Act Your Color!
By Kellye Beathea
Individual: "What do you act like?"
Me: "Excuse Me?"
Individual: "I'm sorry, WHO do you act like?"
Me: "I'm not sure what you mean...?"
Individual: "Aw, you know you act white!"
I have had some variation of this conversation for what seems like my entire speaking life, and after all these years, I still don't have a clue as to what the individual is talking about. I mean, what is "acting white," and what have I done for the individual to think that I "act white?" Maybe if I make a list of my behaviors, then I (and you, too) can figure this out. Let's see:
I like listening to classical, country, and rock music (but I listen to everything).
For the most part, I follow the "longest fingertip" rule in regards to how short I will wear my skirts and dresses.
I smile and laugh excessively.
I get pretty decent grades.
I communicate well with my peers and my elders alike.
I prefer a quiet evening reading over a loud night of craziness (unless I feel like going crazy).
Sometimes I take things too seriously.
I rarely watch BET.
I like to stay busy and remain proactive in my community.
My plan for the future is to essentially rule the world.
Hmmm ... I still do not see where this "acting white" statement fits in with my behavior, and I still don't have a clear understanding of what "acting white" is! All that list-making, gone to waste.
I do have a theory: it is possible that my behavior is deemed "acting white" because only white people are seen behaving this way in our media. I believe that if black people saw other black people in the news and on sitcoms acting like me (I'm black, by the way), then maybe my behavior would not seem so taboo.
So that is my theory on "acting white," but now I have a new question: if listening to rock, getting good grades, and wanting to rule the world are all characteristics of "acting white," then what is "acting black?" My guess (not theory-I refuse to believe that anything I'm about to say could remotely be fact) is that "acting black" means:
Having a love affair with fried chicken, grape soda, and watermelon.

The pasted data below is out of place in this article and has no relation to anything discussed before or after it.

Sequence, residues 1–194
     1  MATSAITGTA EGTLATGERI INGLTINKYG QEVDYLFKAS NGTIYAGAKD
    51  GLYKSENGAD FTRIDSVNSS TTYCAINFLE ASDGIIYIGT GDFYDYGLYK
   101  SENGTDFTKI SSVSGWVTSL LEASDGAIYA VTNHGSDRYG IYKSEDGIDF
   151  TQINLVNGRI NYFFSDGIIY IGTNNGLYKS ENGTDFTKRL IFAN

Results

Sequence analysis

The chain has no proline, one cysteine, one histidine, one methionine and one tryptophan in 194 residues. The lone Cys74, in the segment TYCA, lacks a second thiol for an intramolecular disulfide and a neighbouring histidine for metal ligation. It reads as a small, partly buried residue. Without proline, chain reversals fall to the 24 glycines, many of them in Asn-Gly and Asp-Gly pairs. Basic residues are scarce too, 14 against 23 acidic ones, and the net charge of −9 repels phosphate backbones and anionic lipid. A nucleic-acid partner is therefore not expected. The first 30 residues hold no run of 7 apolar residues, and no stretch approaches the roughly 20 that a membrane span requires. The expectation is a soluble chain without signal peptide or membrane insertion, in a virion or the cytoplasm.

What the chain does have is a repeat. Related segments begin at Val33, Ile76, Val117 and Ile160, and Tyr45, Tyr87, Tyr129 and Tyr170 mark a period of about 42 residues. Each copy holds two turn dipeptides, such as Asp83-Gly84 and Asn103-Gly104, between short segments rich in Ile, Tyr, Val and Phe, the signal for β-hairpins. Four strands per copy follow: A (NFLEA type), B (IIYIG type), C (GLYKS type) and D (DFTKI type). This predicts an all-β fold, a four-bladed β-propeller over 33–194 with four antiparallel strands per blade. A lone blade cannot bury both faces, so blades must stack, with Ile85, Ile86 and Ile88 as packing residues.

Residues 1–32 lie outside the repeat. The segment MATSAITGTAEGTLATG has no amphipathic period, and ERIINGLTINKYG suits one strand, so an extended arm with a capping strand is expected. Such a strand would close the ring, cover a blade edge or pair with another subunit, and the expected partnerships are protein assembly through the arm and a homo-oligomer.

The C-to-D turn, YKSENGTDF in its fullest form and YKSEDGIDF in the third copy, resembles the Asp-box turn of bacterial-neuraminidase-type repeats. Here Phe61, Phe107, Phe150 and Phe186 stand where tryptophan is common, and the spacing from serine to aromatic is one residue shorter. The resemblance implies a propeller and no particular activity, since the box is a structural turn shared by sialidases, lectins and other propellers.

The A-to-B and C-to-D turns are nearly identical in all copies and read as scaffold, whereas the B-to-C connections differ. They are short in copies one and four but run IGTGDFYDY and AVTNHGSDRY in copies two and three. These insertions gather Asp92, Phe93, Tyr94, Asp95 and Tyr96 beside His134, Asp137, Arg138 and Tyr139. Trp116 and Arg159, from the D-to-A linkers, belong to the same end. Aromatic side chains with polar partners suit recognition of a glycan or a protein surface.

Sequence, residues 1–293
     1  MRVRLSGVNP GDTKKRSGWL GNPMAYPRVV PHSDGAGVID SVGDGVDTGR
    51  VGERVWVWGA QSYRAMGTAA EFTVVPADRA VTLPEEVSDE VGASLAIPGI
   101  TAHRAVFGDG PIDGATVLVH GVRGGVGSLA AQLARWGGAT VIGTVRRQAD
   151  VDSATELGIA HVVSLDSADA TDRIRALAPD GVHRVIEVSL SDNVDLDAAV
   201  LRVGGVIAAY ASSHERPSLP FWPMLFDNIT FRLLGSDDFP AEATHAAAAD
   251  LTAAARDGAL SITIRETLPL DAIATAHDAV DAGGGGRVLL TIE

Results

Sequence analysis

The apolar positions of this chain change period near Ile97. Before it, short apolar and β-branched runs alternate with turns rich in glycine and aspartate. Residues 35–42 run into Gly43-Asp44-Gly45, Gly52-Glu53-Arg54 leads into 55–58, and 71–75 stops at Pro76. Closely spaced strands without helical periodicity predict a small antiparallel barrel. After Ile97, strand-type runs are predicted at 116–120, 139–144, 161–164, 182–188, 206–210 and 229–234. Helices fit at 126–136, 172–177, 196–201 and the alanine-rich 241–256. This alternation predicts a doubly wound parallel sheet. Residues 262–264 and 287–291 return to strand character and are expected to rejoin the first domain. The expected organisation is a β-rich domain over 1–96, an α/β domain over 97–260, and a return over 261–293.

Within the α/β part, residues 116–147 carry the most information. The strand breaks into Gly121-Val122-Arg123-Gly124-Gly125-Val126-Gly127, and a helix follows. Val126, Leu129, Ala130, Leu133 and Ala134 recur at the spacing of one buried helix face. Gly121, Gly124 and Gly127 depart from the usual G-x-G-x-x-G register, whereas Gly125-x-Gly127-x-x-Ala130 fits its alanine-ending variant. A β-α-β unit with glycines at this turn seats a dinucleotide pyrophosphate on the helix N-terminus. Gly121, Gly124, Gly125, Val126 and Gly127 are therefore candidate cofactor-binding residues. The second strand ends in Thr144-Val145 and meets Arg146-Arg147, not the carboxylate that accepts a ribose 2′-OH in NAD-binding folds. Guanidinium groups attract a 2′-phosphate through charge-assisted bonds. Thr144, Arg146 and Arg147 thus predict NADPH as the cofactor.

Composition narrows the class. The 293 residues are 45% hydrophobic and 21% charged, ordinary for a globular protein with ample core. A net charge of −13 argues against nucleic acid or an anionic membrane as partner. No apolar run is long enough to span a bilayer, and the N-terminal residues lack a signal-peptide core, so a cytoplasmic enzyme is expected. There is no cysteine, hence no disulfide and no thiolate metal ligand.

Allowing men's boxers to show, due to their pants resting below their hips.
Laughing about getting a GPA that's lower than a 2.0.
Complaining about things that can be changed, but not having the courage to change them.
Blatantly disrespecting people in authority, and demeaning those who want to lead.
Being sexually promiscuous.
Getting into fights over cities in which they have no stake in.
Calling other black people "N" names.
Doing item numbers 3, 6, 7, and 8 that I've listed above Monday through Saturday, then going to church on Sunday.
Doing numbers 1-9 and thinking that it is OK.
But this list is just a figment of my imagination, right?
It has to be, because I'm black, and I don't do those things. My friends and family are black too, and they don't act that way, either. Certainly, the Mighty Bulldogs of BSU don't live up to these stereotypical behaviors so prevalent in American society.
I firmly believe that the black people who "act black" as depicted in popular culture are few and far between, but since film, television, radio, and even print consistently portray my race in a negative light, then that negativity is all that is going to be shown and consumed in our society.
I sincerely hope that one day - soon - this negative light will flicker out its last spark, but until then, I ask that people stop using the terms "acting black" or "acting white." To be frank, it is insulting: You cannot act like a shade of skin.
So the next time I have a conversation with the Individual, it should sound something like:
Individual: "You know who you act like?"
Me: "Excuse Me?"
Individual: "I'm sorry, do you know who you remind me of?"
Me: "Ummm... no?"
Individual: "Dr. Bailey off of Grey's Anatomy!"
Me: "Hahaha! You are so funny!"